Fall may have hit with a vengeance in certain parts, but temperatures are still toasty in LA. And so we took out the broom, cleared out the bikes and boxes, and opened up the backyard barn for dinner. For some, it was the first dinner, while others were old hat. Lindsay and Allison, the two wonder-women leading The Dinner Party in San Francisco, came down for the weekend, bringing our table to ten.
In perfect potluck style, the menu consisted of roasted root vegetables, vegan paella, kale salad, focaccia, and true to form, ample wine. We talked about emotional paralysis: about the build-up in the pipes that so frequently develops when you’ve had to be the one holding it together, acting alone, and the fear that if you let the door open even just a crack, you’ll soon find yourself crying on a bus, unable to hold back the floodgates. We talked about the slow return to happiness, and the guilt that comes of that. And in the midst of our over-analyzing, we talked about the dangers of over-analyzing: about our incessant need to explain feelings, rather than to simply feel them; about the fact that yes, it’s possible to feel sad and happy at once, and a whole host of emotions in between.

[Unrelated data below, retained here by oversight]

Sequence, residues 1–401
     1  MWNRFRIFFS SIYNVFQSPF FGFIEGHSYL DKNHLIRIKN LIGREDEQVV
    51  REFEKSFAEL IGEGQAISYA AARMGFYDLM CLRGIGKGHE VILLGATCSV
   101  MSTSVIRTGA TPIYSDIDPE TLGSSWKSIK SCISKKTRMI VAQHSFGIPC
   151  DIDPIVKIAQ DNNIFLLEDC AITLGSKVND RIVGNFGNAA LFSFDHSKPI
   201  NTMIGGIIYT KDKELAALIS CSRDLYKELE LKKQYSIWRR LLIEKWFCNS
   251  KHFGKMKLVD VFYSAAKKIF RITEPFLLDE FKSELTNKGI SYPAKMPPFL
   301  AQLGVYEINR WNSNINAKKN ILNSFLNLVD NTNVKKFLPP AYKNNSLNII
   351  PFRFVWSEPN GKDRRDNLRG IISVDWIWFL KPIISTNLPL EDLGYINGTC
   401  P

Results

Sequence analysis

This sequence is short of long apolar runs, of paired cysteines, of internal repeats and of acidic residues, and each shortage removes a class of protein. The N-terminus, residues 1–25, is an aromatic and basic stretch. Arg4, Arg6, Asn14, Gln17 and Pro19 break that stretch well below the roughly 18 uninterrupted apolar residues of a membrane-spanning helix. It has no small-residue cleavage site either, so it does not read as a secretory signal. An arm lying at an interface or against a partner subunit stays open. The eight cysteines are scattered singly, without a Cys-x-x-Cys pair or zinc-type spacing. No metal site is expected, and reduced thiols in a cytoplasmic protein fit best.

The following day, I became that girl crying on the bus. Rather than attempt to shake it off, I opted to name each emotion as it came over me, often in twos and threes and often contradictory pairings. I pulled down my blue plastic-rimmed shades, and let the last two months of emotions quietly rise to the surface and drip, one tear at a time, out of me: exhaustion, at having to hold it all together; self-loathing that I’d allowed increasingly obvious fissures to crack the surface of my put-together armor; loneliness, as family members and newly engaged friends form their own families; fear that maybe it wouldn’t get better. Naming those emotions didn’t make them go away; it didn’t fix anything; and I don’t know what “getting better” really means. But after awhile, I felt better. And in that moment, feeling better was enough.